Over the past 15 years, the number of “do-it-yourself” travelers arranging trips online has soared. Fewer than 10% of leisure travelers now use a travel agent, according to PhoCusWright, an industry research firm.
Yet, even for experienced travelers, planning and booking complicated trips online can prove daunting:
- First, there’s deciding where to start a search, with choices including online travel agencies (OTA), travel aggregators, direct sites for hotels, airlines etc., and user-review sites.
- Then there’s reading the fine print and weighing the cost of hidden charges — unbundled airline fees add an obstacle to comparing apples to apples.
- Finally, there’s the time it takes to put together all the disparate and often non-refundable pieces.
No wonder some consumers are circling back to travel agents.
The New Travel Agents Are Advisers
The new breed of agents operates differently than those of the past. Rather than merely booking transactions or acting as order-takers, agents now function as travel advisers. They work collaboratively with clients to sort through vast amounts of information and make informed decisions, much like financial advisers assist clients in managing their money.
Here are six reasons you might consider using a travel agent/adviser:
1. You’re not a travel expert.
With their training — and being well-traveled themselves — good travel advisers can offer you options you might not have considered. Some travel advisers are generalists; others specialize in niches, such as cruises, or in multigenerational group travel or in particular geographic destinations. If you book a cruise through an agent, he or she is likely to be familiar with various lines, sailings, cabins, and excursions. Some agents even have subspecialties, such as riverboat cruising.
2. You want to get it right.
Some trips are more complicated than others. For example, foreign travel is more complex than traveling to the next state. Or sometimes the stakes are too high to make a mistake when you are planning a big trip to celebrate a special birthday or anniversary or a trip that involves coordinating itineraries with friends or family members. Even on city tours or shore excursions, an agent may be able to point you to the most knowledgeable and English-proficient guides.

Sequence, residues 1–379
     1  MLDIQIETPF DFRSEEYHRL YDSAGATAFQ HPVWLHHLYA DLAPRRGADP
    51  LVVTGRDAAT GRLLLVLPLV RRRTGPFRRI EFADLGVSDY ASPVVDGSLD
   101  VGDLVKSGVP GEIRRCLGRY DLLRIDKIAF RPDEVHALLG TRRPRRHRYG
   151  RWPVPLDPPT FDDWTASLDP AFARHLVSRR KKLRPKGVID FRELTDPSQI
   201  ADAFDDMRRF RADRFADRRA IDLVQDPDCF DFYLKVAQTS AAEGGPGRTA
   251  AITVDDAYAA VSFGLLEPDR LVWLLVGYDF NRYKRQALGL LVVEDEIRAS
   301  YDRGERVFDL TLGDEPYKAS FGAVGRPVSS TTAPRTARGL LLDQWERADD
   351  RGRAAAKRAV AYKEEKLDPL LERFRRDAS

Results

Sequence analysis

3. You don’t have advisers’ money-saving connections.
Travel agencies have consolidated and banded together into large consortia, affording them unusual leverage to negotiate with travel suppliers on behalf of their clients. IATA licensed travel agents are able to secure hotel upgrades, rooms with the most desirable views or extra amenities like complimentary breakfasts and spa credits. As a client of a network, you are not only treated like a V.I.P. but benefit from these no-cost perks.
4. You don’t have time to waste.
Researching and organizing a trip takes time, patience and perseverance. Putting Travel itineraries and tour activities together takes a lot of time and effort. In cases of major storms, during the holidays, and even when company websites crash, we see a huge influx of users trying to reach the airlines by phone. Wait times can be well over an hour if the user gets through at all.
5. You want a safety net in case things go wrong.
Travelers realize that even after a trip is planned, things don’t always turn out exactly as expected. A flight is canceled, a piece of luggage gets lost, a passport is pilfered or a grandchild falls ill with a high fever on foreign soil. When “stuff happens,” it is reassuring to have someone you can count on to resolve problems. You don’t want to be the one hanging on your cell phone to rearrange a flight. Many travel advisers offer clients 24/7 backup by phone and email.
What really sets a true luxury travel adviser apart are the little things that are unexpected. “We tailor-make experiences like a pre-arranged classy transfer from Airport to the final destination or helping older travelers who need baggage assistance on trains. We create something that can’t be ‘Googled’ — a personal experience,”
The Bottom Line
Travelers need to do some homework to find a genuine travel adviser who meets their needs, presumably based on some mix of chemistry, experience, License/Certification, and cost.
While using an agent can be a bit costly, it saves time and disappointment. Travel advisers manage your most valuable and non-renewable asset: your leisure time. “Price is what you pay, a value is what you get.” Warren Buffett